Skip to content

Are you interested in or new to volunteering?

Join the free Hull CVS Volunteer Academy Programme

Talking Tables Relaunch


Hull CVS are relaunching the Hull Talking Table Scheme that encourages café customers to strike up a conversation with a stranger at a breakfast briefing at The Deep at 9.30am on Monday 15th January.

The scheme aims to bring people together, making it easier to meet, talk and connect. Charities and businesses across Hull have agreed to host one or more Taking Table at their venues at set times each week (normally mornings or afternoon) and will display door stickers and posters and the designated Talking Table will carry signs inviting people to sit down.

To date the following venues have agreed to participate in the activity:

  • The Deep
  • Lonsdale Community Centre
  • Hull Central Library Café
  • Woodford Leisure Centre Café
  • Pelton Café at Warners Gym
  • Alf Marshall Centre
  • Victoria Dock Community Centre
  • West Hull Community Hub

The on-going venue list and times for Talking Tables can be found HERE

From week commencing Monday 22nd January, the venues will have tables available for anyone to join, and engage others in conversation.

Where possible these tables will be supported by a Talking Table Volunteer to welcome people to the table and support a good chat, but each venue has been given guidance to support people in feeling comfortable and safe.

The venues will have a small selection of games available to play or conversation starters for those who aren’t quite sure what to discuss.

The scheme is being relaunched on Blue Monday – traditionally the most depressing day of the year to highlight the value of reducing social isolation and providing opportunities for people to talk as a route to addressing loneliness and poor mental health.

Matt Wright, Head of Community Development at Hull CVS said: “The heart of talking tables is everyone has the ability to address and respond to loneliness by engaging in conversation, but in many cases for patrons in cafes this can be really hard. The plan is to give people a chance to chat, connect, and talk to someone new.

“I would encourage anyone to use the Talking Tables whether alone or in small groups and have the willingness to meet and chat with someone new. Ultimately, the scheme will give people the green light sit down and know they will immediately be with other people who want to speak to them and will remove the stigma some people can feel about going out alone.

“We are delighted that The Deep has signed up and are keen to recruit as many other cafes, venues and other spaces as possible. We want people to have the option of joining a Talking Table wherever they go – ultimately I hope to see more and more people prescribed a god chat to tackle loneliness”.

For more information about joining as a host for the scheme visit –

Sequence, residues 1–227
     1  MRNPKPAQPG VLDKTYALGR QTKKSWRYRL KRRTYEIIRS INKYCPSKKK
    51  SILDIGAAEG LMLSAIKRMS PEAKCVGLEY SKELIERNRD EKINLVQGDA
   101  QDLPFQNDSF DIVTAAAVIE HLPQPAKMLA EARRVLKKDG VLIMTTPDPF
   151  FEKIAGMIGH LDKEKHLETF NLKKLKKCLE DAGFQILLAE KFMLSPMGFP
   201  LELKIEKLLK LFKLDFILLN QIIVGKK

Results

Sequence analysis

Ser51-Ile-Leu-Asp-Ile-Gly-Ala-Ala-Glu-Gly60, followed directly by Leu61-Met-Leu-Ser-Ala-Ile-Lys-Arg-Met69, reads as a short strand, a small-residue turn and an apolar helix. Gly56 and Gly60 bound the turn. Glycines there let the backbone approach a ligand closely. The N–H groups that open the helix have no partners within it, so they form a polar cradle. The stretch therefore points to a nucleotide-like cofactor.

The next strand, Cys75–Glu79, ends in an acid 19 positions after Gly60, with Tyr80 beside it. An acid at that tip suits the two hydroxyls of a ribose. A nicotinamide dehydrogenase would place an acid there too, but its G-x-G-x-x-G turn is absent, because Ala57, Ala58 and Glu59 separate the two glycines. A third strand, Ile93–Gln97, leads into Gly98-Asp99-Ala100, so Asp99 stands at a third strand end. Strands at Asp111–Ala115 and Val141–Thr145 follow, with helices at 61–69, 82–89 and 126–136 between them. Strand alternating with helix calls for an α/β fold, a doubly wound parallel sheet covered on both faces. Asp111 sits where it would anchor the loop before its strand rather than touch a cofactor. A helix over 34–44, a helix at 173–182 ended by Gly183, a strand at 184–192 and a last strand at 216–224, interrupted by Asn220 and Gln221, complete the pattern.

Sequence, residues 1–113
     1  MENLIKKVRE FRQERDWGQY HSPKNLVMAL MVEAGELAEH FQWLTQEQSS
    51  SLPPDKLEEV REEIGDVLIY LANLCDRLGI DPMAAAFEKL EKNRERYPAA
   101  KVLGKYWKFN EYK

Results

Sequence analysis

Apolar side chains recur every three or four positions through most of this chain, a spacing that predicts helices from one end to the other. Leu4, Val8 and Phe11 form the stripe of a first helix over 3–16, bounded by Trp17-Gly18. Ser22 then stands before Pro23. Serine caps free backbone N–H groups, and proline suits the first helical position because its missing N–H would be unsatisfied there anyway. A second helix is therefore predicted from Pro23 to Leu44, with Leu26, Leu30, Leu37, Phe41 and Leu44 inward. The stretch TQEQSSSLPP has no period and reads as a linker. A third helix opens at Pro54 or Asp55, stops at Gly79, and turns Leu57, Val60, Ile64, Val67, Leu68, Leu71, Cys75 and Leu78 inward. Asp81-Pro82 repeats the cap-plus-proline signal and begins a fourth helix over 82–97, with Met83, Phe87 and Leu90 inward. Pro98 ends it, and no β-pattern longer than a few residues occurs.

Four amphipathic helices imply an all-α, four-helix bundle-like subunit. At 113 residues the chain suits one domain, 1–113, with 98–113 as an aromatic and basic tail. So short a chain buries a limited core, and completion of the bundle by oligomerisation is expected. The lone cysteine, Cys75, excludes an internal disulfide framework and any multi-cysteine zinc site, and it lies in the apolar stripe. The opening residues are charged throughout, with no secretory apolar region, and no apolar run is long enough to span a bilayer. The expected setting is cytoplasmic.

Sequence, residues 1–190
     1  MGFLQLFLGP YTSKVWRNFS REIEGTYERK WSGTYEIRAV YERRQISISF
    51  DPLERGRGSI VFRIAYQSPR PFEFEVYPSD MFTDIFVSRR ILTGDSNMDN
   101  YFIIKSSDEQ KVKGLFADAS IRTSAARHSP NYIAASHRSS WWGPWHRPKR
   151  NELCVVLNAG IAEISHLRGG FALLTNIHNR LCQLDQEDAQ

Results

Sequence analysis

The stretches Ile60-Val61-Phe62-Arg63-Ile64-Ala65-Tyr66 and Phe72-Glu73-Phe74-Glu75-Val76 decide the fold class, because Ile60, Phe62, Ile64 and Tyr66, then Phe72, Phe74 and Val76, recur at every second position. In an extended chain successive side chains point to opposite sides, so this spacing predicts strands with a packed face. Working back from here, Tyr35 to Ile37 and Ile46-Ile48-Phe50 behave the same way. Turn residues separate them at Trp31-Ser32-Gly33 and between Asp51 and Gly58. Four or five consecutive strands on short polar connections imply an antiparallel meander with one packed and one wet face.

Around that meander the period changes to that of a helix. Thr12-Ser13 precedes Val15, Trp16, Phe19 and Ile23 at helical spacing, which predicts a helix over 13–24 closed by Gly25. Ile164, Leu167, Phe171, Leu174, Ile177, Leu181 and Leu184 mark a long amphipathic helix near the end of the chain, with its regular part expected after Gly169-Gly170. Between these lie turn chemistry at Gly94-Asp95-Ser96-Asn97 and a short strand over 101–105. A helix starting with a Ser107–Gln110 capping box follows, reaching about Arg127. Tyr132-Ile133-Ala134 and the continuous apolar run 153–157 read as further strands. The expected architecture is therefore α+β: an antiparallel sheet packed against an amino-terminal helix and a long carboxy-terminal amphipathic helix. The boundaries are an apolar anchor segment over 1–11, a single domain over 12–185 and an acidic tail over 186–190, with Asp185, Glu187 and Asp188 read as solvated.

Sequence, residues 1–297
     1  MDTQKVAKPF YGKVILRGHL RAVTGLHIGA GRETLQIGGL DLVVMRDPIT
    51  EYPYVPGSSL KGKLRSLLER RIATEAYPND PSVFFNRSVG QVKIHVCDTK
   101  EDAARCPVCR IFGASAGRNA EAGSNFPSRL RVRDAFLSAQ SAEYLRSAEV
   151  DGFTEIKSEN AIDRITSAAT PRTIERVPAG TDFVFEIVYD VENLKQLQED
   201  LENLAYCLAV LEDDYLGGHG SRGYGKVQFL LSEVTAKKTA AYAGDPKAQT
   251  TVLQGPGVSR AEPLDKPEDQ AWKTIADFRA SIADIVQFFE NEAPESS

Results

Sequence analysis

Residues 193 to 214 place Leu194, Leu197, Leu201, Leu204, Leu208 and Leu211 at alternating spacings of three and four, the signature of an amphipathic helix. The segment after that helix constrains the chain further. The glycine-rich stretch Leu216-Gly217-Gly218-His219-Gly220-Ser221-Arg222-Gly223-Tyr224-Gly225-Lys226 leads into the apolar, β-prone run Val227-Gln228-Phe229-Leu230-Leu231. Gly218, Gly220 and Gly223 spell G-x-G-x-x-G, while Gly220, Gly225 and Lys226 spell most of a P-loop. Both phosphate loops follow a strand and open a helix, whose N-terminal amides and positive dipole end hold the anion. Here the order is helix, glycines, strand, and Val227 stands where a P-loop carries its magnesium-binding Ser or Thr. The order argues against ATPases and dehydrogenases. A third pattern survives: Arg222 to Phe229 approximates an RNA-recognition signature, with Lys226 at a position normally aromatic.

All participating venues will receive a free support pack which includes posters, window stickers, table displays, advice and more.

The scheme originally run by Hull City Council was launched on Monday 10 September 2018 with over 20 venues signed up. However since the pandemic the scheme has been on hold.

The Talking Table scheme is being supported in its relaunch via funding from the UK Government through the Know Your Neighbourhood Fund that aims to increase volunteering and tackling loneliness. For more information about the Know Your Neighbourhood Fund and other funded activities in Hull visit:

Background information

What is loneliness?

Loneliness is ‘a subjective, unwelcome feeling of lack or loss of companionship. It happens when there is a mismatch between the quantity and quality of the social relationships that we have, and those that we want’ (A connected Society: A Strategy for Tackling Loneliness 2018).

Who can be affected by loneliness?

Loneliness can affect everyone and can range from transient (comes and goes) to chronic loneliness that can have a long term impact on physical and mental health.

But who is most affected?

According to the UK Government’s Talking Loneliness Strategy review, loneliness is higher for people who are:

  • 16-24years old
  • Female
  • Single or widowed
  • Living with life limiting mental health conditions
  • Renting

What factors can increase loneliness?

  • Personal characteristics – Age (younger or older), marginalised ethnicity, sexuality or disability.
  • Circumstance – living alone.
  • Going through significant change – migration, becoming a carer, bereavement, a new baby, moving house or job, children leaving to university.
  • Living in a certain area – social-economically disadvantaged communities.

What is the effect of loneliness?

The impact can be huge but a few stats include:

  • Loneliness can increase the risk of early mortality by 26%
  • Loneliness can put people at greater risk of poorer mental health, including depression.
  • 62% of lonely young people say that ‘feeling lonely makes them lose confidence in themselves’. While loneliness in early adolescence is associated with lower educational attainment.
  • Higher loneliness levels among employees is associated with poorer work performance and it is estimated that loneliness costs UK employers £2.5 billion a year, due to its impact on employee sickness, caring activity, productivity, and voluntary staff turnover.
Skip to content